Title: Wind farm noise prevalence, annoyance, and sleep disturbance
Despite widespread community acceptance of renewable power generation to reduce CO2 emissions and reduce natural resource impacts, large-scale expansion of wind farms has prompted significant community debate regarding adverse health impacts of wind farm noise (WFN). The main concerns include annoyance, sleep disturbance, psychological distress, and reduced health-related quality of life. Our research has aimed to investigate these issues by identifying, quantifying, and characterising the signal components of WFN that are responsible for annoyance and sleep disturbance. We carried out 1-year-long acoustic and meteorological measurements at three residences located near different wind farms, allowing detailed characterisation of WFN and its relationship with meteorological conditions. We also conducted a range of laboratory listening tests that focused on various WFN features such as amplitude modulation, tonality, low frequency noise and infrasound. Additionally, we used direct electroencephalographic (EEG) and cardiovascular measurements to systematically evaluate the sleep disruption and physiological activation response characteristics of wind farm noise during sleep. This paper presents a detailed overview of the preliminary results from our recent projects, providing insights into the prevalence of potentially disturbing WFN characteristics and the corresponding annoyance and sleep disturbance responses from four different participant groups, including noise sensitive and non-sensitive individuals.
Dr Kristy Hansen is a DECRA Researcher and Senior Lecturer at Flinders University with 9 years of experience in wind farm noise research. She is chief investigator on ARC and NHMRC projects that aim to identify the potentially annoying and sleep disruptive components of wind farm noise. She has co-authored two scholarly books, including one on wind farm noise that was published by Wiley in 2017 and another on general acoustics and acoustic problem solving which was published by CRC Press in 2021. Kristy’s research focuses on wind farm noise and other types of environmental noise and she has extensive experience in acoustic and vibration measurements, advanced signal processing, noise propagation modelling, noise synthesis and listening test design. Her recent contributions have included (i) machine-learning-based algorithms to detect specific components in acoustic and sleep signals, (ii) detailed characterisation of amplitude modulation prevalence and magnitude at noise sensitive receivers, and (iii) wind farm noise propagation modelling and uncertainty analysis. Kristy has authored or co-authored over 50 peer-reviewed publications and recently participated in the development of the new IEC technical standard, PT 61400-11-2, on the measurement of wind farm noise at receptor locations.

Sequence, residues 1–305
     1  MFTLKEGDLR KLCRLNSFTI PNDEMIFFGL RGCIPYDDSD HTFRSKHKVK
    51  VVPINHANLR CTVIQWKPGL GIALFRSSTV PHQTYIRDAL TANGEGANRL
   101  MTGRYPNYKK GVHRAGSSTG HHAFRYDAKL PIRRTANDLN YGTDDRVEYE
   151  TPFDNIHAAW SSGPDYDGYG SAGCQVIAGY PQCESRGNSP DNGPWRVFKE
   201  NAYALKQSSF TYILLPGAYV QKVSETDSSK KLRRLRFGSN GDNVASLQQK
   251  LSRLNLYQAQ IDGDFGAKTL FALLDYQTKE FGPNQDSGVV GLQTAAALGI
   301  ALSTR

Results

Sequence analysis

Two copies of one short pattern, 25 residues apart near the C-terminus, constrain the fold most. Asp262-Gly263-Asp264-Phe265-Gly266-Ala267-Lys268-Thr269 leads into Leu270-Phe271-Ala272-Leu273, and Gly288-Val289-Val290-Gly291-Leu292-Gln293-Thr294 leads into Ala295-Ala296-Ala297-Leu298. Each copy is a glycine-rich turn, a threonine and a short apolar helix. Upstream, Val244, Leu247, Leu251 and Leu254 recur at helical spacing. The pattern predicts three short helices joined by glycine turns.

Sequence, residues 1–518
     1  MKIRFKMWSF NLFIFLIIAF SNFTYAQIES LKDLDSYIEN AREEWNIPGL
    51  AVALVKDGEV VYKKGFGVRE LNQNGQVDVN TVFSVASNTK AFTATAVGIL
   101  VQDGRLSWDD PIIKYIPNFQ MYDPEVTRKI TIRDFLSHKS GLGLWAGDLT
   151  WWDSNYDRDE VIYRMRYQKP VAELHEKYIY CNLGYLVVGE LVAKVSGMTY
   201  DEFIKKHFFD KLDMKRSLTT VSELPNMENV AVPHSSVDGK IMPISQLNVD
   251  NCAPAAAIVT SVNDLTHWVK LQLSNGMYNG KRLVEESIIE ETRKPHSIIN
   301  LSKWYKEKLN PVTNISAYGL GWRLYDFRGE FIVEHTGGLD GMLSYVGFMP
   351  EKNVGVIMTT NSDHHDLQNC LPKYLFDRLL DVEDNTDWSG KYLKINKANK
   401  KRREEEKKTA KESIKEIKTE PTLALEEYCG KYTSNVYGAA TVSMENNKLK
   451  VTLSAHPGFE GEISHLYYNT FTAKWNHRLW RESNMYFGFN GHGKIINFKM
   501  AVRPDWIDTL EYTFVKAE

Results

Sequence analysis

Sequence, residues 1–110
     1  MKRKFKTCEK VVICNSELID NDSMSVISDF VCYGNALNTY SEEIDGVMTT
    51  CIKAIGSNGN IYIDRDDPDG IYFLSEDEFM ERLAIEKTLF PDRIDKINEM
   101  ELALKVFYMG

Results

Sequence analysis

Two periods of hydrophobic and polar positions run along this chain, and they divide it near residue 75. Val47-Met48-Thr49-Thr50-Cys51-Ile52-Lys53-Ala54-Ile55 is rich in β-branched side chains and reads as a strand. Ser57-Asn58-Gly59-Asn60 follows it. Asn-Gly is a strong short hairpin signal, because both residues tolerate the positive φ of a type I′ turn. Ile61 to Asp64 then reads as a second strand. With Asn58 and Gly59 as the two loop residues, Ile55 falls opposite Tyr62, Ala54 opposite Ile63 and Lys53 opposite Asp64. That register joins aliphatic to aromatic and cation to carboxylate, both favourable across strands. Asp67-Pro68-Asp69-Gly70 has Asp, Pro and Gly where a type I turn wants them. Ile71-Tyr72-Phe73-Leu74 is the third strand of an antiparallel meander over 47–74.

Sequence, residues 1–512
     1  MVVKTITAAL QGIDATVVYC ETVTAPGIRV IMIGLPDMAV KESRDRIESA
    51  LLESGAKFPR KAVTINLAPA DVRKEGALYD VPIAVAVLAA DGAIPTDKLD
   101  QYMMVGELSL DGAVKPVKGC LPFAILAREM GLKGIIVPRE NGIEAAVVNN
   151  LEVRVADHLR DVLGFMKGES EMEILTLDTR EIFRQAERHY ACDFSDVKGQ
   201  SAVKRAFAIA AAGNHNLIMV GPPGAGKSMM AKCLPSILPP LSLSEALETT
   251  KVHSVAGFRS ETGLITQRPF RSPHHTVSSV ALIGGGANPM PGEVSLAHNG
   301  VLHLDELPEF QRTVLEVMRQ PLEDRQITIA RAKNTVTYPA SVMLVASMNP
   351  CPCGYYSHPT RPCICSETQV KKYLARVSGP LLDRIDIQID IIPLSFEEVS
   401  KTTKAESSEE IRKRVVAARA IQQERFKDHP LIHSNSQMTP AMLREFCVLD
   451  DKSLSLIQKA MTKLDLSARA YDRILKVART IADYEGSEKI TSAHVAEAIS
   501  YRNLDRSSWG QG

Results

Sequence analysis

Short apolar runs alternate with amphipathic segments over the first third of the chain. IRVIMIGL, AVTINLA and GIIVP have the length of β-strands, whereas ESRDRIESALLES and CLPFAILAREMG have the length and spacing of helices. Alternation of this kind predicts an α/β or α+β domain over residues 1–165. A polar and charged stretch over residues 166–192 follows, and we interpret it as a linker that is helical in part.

Title: Making waves in vibration measurement with laser Doppler vibrometry
The impact of the invention of the laser cannot be over-stated. In vibration and acoustics engineering, the laser Doppler vibrometer has revolutionised the means by which scientists and engineers can interpret and control the natural and man-made environment, both on and off the planet. Combining high sensitivity, dynamic and frequency ranges, non-invasiveness and high spatial resolution, laser Doppler vibrometers (LDVs) have received significant and increasing attention in both research and industry. This talk will therefore investigate the origins, working principles and evolution of LDVs, focusing on industrially relevant, practical applications. Particular focus will be on modelling of the measurement for multiple beam configurations and arbitrary, six degree-of-freedom target vibration and on overcoming specific challenges associated with making successful measurement campaigns in challenging scenarios. Now traditional capabilities such as determining vibration directly from rotating systems, from light/micro- structures or of waves passing through and perturbed by damaged structures will be addressed in detail. Particular attention will be paid to the importance of and mitigation the laser speckle effect. More contemporary, UTS-led topics including the use of LDVs as remote noise control error signal “listening” devices as well as the removal of another form of “self-noise” due to the vibration of the instrument sensor head itself will receive significant attention, in particular in the context of the incorporation and fusion of these incredible devices into autonomous systems for the enhanced, trusted determination and monitoring of the dynamic characteristics of remote infrastructure and environments.
Dr Benjamin Halkon is an industrially experienced experimental dynamics and instrumentation expert and Senior Lecturer in the School of Mechanical and Mechatronic Engineering at University of Technology Sydney. Ben is a core member of the Centre for Audio, Acoustics and Vibration, primarily based at UTS Tech Lab where he has established and now co-directs the Vibration Laboratory which includes unique non-contact vibration measurement capabilities. Ben currently co-supervises a growing team of junior researchers, continues to secure industrially oriented funded research projects while publishing excellent research outputs and takes a full role in and recognises the importance of teaching and learning.